Income Tax Self Assessment

Lord Shore of Stepney asked Her Majesty's Government:

    What is their assessment of the effect of introducing self assessment of income taxes in the financial years 1997-98 and 1998-99; and what is their estimate of the one-for-all increase in tax receipts for these two years.[HL1437]

Lord McIntosh of Haringey: The introduction of self assessment will have the ongoing effect of making the tax system clearer and more straightforward for taxpayers, clarifying their obligations and helping them to get their tax right first time. The costs of SA to the Inland Revenue in the two years were £100 million in 1997-98 (with savings of £5 million) and are expected to be £63 million in 1998-99 (with savings of £33 million). Once the new system is fully bedded in, SA is expected to reduce the costs of running the tax system by £70 million per annum.

Legislation: Explanatory Notes

Lord Lester of Herne Hill asked Her Majesty's Government:

    When they intend to introduce the new system of publishing explanatory notes together with Acts of Parliament.[HL1426]

Lord McIntosh of Haringey: It is hoped that draft Bills published this Session and Bills introduced next Session will be accompanied by the new style explanatory notes.

Stability and Growth Pact

Lord Pearson of Rannoch asked Her Majesty's Government:

    Further to the Question by the Lord Pearson of Rannoch on 12 March (H.L. Deb., col. 345), whether

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    the United Kingdom could have stayed out of the European "stability pact" had it wanted to do so; and, if so, how.[HL1513]

Lord McIntosh of Haringey: The Stability and Growth Pact is designed to ensure sound public finances in EMU. The United Kingdom's interest lies in a successful EMU. Low government borrowing is essential for economic stability and the success of EMU.

The Stability and Growth Pact, agreed in principle at the Dublin European Council in December 1996, and adopted at the Amsterdam Council in June 1997 comprises a voluntary, non-binding resolution recording the political commitments of member states and two procedural regulations for implementing Articles 103 and 104(c) of the Treaty. The first of these was subject to the qualified majority voting procedure; the second required unanimity. Both applied to all member states.

Lord Pearson of Rannoch asked Her Majesty's Government:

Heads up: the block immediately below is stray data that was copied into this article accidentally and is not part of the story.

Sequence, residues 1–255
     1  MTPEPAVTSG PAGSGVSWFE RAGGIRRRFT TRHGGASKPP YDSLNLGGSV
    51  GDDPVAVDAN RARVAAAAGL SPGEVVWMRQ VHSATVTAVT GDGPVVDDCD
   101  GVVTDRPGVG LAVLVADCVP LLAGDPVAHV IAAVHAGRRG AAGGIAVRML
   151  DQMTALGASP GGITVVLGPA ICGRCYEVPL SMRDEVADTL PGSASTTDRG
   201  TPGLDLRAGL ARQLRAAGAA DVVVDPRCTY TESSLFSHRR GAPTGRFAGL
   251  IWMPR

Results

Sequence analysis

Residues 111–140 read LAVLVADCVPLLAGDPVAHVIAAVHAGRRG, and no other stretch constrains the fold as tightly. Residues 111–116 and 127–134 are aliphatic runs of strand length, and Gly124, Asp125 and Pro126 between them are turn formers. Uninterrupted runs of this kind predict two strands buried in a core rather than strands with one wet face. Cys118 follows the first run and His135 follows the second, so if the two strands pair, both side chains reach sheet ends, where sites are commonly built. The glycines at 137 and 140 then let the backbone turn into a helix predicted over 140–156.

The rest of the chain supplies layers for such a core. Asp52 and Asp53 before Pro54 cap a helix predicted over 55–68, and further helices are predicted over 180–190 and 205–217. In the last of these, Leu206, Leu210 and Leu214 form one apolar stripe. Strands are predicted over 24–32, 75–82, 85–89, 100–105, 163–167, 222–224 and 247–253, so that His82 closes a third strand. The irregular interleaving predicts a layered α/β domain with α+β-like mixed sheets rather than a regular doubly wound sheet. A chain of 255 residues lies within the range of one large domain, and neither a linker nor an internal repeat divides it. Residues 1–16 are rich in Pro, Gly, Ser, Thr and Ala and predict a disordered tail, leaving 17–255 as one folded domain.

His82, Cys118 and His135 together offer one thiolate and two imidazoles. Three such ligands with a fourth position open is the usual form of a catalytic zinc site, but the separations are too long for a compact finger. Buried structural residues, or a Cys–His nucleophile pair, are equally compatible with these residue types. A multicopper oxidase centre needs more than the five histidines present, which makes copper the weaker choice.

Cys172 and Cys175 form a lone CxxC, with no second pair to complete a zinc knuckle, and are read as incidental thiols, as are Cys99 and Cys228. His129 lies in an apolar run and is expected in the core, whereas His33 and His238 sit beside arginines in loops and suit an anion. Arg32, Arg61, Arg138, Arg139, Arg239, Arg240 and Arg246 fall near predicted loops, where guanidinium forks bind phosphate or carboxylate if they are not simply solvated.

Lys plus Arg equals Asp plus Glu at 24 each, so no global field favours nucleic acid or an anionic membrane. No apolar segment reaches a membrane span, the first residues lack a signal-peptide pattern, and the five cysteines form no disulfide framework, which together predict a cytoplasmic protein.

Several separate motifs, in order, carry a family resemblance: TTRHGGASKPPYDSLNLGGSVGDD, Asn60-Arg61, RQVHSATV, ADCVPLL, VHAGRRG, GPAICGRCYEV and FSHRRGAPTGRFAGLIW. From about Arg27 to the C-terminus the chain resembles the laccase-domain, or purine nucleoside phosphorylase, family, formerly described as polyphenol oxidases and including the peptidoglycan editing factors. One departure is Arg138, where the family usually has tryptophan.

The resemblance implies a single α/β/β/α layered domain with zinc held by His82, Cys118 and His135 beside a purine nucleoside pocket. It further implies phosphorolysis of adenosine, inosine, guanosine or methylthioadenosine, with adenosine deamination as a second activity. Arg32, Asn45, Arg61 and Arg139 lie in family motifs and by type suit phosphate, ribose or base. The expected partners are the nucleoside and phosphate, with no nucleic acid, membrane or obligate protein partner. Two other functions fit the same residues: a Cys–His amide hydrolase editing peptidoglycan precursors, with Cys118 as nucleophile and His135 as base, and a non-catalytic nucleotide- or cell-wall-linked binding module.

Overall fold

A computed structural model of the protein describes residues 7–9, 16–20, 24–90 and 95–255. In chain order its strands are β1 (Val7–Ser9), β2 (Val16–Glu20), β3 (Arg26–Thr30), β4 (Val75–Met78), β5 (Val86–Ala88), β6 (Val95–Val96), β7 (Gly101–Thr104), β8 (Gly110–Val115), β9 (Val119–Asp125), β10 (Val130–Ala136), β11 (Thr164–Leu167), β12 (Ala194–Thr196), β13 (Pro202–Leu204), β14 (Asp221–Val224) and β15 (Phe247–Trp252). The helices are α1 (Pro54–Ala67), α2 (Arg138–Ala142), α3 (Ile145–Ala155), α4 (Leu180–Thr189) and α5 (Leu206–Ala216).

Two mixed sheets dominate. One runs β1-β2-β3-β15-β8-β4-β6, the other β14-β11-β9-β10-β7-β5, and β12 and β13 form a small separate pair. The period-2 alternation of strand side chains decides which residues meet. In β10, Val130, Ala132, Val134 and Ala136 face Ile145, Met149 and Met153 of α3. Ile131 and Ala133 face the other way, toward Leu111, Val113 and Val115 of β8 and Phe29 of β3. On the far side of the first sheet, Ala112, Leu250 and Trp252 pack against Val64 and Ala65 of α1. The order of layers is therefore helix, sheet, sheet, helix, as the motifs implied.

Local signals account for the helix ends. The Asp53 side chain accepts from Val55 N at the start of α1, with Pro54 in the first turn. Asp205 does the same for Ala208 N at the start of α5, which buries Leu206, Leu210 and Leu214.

What are their estimates of the transfers which may become necessary over the next five years between the 11 member states of the European Union which plan to form an economic and monetary union in accordance with the Treaty of Rome.[HL1515]

Lord McIntosh of Haringey: In EMU, fiscal policy will remain the responsibility of member states, subject to the constraint of the Stability and Growth Pact. There will be scope within the Stability Pact for member states' fiscal policy to react to changing circumstances, so increased transfers will not be necessary. In addition, Article 104b, the 'no bail-out clause', makes clear that a member state cannot be liable for another member state's commitments.

Greater London and East and West Midlands Areas: Population and Representation

Lord Ewing of Kirkford asked Her Majesty's Government:

    What is the total combined population of the East and West Midlands; and how many parliamentary constituencies and local councillors there are in that area; and[HL1492]

    What is the total population of the Greater London area; and how many parliamentary constituencies and local councillors there are in that area.[HL1493]

Lord McIntosh of Haringey: The information requested falls within the responsibility of the Chief Executive of the Office for National Statistics, who has been asked to arrange for a reply to be given.

Letter to Lord Ewing of Kirkford from the Director of the Office for National Statistics, Dr. T. Holt, dated 22 April 1998.

As Director of the Office for National Statistics (ONS), I have been asked to reply to your parliamentary Questions asking what is the total population of the Greater London area and of the East and West Midlands

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area; and how many parliamentary constituencies and local councillors there are in these areas.

The data you requested are as follows:

East and West MidlandsGreater London
Population as at 1996 Mid-Year Estimate in thousands9,458.17,074.3
Parliamentary Constituencies*10874
Councillors**3,9181,913

* Home Office figures

** Figures provided by Department of the Environment, Transport and the Regions for East and West Midlands and by the Local Government Association for the Greater London area.